This was kind of a boring summer for ‘rare lobsters‘ in the Northeast. Over the past few years, we had reports of fishermen finding some insanely rare split-colored, ghost, and blue lobsters but I can’t recall more than 1 or 2 reports from this past Summer.
Most of the time, when one of these insanely rare lobsters are caught in the wild it’s either released back into the ocean after some photographs or the lobster is donated to a local aquarium. Now, for anyone in New England, they’ll have a chance to go see and get hands-on with a split-colored ‘Halloween Lobster’ whose markings are so clear and defined it looks like it was hand-painted by an artist.
The orange/black split-colored lobster almost looks like it was half-cooked before being taken out of the pot and released back into the wild but this is a naturally occurring phenomenon that’s crazy rare. This occurs in the wild 1-in-ever-50 MILLION lobsters.
This lobster caught by Capt. Daryl Dunham on the F/V Force of Habit was donated to the Maine Center for Coastal Fisheries where it’s currently in the touch tank for visitors to come see it and touch it Tuesday through Saturday from now through mid-October (10am-4pm).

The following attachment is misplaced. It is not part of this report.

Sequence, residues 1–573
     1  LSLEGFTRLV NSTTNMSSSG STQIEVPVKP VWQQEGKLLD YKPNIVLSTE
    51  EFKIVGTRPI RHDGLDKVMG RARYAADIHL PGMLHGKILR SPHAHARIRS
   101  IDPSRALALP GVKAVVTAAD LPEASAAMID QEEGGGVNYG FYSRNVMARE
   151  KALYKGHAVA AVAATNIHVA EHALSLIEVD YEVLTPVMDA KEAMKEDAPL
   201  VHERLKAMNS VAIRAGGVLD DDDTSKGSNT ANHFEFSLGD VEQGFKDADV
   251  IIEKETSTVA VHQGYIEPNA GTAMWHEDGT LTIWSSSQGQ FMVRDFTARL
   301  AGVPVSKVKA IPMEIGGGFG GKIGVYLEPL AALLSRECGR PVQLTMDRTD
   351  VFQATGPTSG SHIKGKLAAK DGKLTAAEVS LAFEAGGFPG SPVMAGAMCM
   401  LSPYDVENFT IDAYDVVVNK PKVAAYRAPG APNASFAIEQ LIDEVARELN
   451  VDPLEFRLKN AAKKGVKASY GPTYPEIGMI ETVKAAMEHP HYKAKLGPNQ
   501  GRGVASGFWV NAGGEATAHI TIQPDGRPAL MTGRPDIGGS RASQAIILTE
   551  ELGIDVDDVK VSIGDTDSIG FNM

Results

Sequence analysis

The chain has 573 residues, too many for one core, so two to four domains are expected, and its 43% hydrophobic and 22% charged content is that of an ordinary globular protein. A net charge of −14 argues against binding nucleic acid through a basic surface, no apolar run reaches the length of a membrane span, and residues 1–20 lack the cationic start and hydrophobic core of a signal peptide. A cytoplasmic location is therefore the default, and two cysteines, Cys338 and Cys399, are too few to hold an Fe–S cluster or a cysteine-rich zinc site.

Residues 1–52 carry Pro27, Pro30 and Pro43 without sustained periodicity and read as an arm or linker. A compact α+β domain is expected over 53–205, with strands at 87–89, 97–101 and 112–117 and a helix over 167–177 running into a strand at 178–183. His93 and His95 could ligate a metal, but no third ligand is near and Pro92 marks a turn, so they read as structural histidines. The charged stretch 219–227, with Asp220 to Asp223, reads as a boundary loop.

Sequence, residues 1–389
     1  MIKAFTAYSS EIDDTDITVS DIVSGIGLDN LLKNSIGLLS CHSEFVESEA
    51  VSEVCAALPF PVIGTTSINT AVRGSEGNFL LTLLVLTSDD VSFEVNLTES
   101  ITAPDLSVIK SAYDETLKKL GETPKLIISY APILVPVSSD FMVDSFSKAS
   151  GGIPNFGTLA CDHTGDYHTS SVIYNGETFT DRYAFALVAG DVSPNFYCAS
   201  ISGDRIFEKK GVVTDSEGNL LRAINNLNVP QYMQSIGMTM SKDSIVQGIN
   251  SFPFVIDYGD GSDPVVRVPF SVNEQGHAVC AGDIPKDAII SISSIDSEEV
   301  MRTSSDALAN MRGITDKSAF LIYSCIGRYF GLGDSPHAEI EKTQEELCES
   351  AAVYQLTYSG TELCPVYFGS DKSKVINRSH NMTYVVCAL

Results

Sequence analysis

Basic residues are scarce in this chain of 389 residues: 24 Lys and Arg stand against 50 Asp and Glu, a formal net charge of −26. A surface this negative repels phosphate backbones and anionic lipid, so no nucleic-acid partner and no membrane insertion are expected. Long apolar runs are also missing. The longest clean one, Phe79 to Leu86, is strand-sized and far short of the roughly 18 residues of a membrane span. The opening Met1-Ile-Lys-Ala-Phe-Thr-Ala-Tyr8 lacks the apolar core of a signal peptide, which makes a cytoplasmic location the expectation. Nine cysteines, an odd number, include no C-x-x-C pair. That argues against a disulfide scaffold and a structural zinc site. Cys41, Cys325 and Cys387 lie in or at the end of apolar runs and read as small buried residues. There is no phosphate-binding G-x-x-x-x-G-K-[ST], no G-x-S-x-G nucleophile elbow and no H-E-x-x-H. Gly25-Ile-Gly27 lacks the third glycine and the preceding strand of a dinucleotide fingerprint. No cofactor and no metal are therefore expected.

Look at this crazy-ass lobster and tell me you wouldn’t think this was an alien (or half-cooked) if you came across this thing in the wild:
Of all the rare lobster mutations, I think this one is my favorite. The colors are so striking and it’s almost tropical. Lobsters are generally pretty ugly creatures at the bottom of the ocean (until they’re cooked) but the vibrant colors of the orange/brown split-colored lobster are great.
And while 1-in-50 million is insane, it’s got nothing on this 1-in-100 MILLION white lobster that was caught in Ireland last year. This 1-in-30 million yellow lobster caught two years ago was also pretty awesome.
I’m just now realizing that I’ve severely neglected my typical lobster intake this Summer and need to start eating at least 1 lobster roll per day from now untilthe first day of Fall to make up for the lost time.